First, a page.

5) The flavour of breast milk changes
It is thought that exclusive breastfeeding could make your baby a less fussy eater when he starts eating family foods because the flavours of foods you eat will influence the taste of your breast milk, familiarising your baby with these flavours.
Studies show that babies love the taste of vanilla, garlic and cinnamon flavoured breast milk (when mothers eat foods with these flavours) so may empty your breasts more effectively, enhancing milk production.
6) Kissing your baby will change your breast milk
That irresistible urge to plant kisses all over your baby will also help to boost her immune system: when you kiss your baby, you are sampling the pathogens on her skin which are then transferred to your lymphatic system where you will produce antibodies to any bugs. These antibodies will then pass through your breast milk to your baby and boost her immune system.
This system works the same way whenever your baby is exposed to a bug, whether you have been exposed or your child has played with another child’s toy or been touched by a doting family member and come in contact with viruses or bacteria: the transfer of your baby’s saliva to your breasts will signal your immune system to make antibodies which are then transferred to your baby in your breast milk, protecting her against potential illness.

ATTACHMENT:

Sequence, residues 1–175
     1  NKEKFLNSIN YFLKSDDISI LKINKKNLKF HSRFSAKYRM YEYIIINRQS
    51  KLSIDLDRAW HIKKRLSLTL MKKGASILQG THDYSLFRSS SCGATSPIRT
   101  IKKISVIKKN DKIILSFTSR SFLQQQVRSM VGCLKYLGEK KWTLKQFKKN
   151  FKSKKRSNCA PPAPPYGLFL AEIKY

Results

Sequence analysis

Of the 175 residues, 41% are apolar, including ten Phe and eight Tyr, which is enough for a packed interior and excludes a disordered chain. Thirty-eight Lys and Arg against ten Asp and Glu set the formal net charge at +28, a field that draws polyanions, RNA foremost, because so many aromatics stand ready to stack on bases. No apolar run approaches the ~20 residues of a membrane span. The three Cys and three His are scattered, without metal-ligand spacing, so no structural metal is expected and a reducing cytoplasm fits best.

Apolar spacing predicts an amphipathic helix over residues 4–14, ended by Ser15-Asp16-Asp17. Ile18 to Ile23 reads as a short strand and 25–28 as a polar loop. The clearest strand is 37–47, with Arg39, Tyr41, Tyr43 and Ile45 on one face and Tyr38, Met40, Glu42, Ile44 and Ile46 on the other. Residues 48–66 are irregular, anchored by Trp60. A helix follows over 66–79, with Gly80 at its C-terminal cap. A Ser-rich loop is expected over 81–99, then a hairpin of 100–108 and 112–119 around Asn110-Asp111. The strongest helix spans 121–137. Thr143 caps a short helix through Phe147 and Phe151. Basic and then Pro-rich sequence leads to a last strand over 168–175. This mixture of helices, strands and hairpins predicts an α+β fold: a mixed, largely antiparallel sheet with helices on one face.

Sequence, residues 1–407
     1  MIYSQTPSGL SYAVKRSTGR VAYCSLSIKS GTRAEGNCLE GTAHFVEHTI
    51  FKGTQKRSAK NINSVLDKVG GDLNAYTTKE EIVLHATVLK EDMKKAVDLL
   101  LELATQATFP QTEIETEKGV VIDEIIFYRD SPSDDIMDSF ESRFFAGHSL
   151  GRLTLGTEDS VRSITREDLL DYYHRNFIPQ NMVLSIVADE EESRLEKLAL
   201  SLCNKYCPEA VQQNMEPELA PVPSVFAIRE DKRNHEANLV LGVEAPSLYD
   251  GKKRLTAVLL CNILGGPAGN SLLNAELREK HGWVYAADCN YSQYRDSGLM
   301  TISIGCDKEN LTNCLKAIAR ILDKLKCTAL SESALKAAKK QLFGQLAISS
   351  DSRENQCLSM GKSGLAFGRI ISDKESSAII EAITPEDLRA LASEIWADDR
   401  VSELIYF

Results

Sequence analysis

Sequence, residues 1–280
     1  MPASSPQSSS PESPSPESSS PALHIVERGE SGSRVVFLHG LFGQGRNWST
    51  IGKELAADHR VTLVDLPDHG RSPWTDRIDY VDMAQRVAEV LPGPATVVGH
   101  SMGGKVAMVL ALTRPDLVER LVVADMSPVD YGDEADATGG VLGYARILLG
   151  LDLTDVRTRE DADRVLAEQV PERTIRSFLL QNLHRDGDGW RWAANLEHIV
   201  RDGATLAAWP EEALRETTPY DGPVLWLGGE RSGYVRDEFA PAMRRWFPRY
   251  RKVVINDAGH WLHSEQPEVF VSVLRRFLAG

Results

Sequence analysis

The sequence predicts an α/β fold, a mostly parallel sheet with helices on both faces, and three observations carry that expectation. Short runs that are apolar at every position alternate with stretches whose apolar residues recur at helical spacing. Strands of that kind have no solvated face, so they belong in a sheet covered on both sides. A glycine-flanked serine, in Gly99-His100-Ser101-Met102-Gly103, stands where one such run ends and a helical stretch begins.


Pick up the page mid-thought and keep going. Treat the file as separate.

Pinky McKay, our newest Ambassador, is an International board certified lactation consultant, parenting expert and best-selling author. Her wisdom and experience stems from being a mother of five and grandmother of three. Pinky’s wealth of knowledge, experience and loveable nature makes her one of the most respectable parenting experts.
If you found our breast milk changes articles useful, take a look at our breastfeeding truths from real mums. But don't stop there - we also cover a range of topics important to parents on our Parenting Community:
For tips to boost your breast milk supply, download Pinky’s FREE e-book ‘Making More Mummy Milk, Naturally’ at www.boobiebikkies.com.au